An investigation to determine the effect of short-term low-dye taping on vertical ground reaction forces in asymptomatic PES planus, cavus and normal feet
Elphinstone, John Wayne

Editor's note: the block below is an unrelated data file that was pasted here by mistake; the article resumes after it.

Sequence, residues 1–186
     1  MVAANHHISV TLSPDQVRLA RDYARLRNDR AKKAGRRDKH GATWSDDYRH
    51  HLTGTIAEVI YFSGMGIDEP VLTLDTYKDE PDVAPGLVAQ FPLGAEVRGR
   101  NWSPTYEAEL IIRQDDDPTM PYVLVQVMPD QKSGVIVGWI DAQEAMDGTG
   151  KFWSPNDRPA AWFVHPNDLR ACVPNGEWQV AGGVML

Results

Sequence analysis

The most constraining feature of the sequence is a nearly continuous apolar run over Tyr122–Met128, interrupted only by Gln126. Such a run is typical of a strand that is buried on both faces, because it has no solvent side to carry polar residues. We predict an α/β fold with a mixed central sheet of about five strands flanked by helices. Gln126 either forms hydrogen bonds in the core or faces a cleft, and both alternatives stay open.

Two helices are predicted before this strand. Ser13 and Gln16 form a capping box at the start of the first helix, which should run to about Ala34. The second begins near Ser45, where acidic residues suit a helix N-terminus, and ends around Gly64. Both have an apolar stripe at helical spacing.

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Low -Dye taping is a method commonly used in sport participation and normal daily activity (Harradine, Herrington and Wright, 2001). It has been indicated in support of injured structures, decreasing edema and protection against re-injury (Reid, 1992:232). Contrary to these beliefs, studies have shown that low -dye anti-pronatory control is lost after relatively short episodes of exercise (Ator et al., 1991 and Vicenzino et aL, 1997). The variations in dynamic foot function with low -dye taping is not well understood, although tapin.g of the foot in low-dye type method has been advocated by many authors (Brantingham et aL, 1992, Ryan, 1995 and Chandler and Kibler, 1993). It was the purpose of this study to investigate the maximum ground reaction force and percentage contact time within 10 demarcated regions of the foot in asymptomatic patient with pes planus, cavus and normal medial longitudinal arches at four time intervals over 24 hours. Having established its baseline function it may serve as point of reference for clinical trials that wish to determine the role of taping as part of the management of symptomatic feet. This trial consisted of 60 participants with asymptomatic feet that were divided into three groups of 20. Participants were divided into three groups depending on their respective foot structures. To qualify for one of the three groups subjects had to either have flexible low, high or normal medial longitudinal arches. Maximum ground reaction forces (GRF) and Percent contact time was obtained for each of the three groups and for each of four visits. GRF were obtained with the aid of a registered orthotist who has agreed to work with the researcher on this project using the RSscan International 1m footscan plate system (Appendix L). The data was interpreted and analyzed using the RSscan Clinical Version 7.08 software package.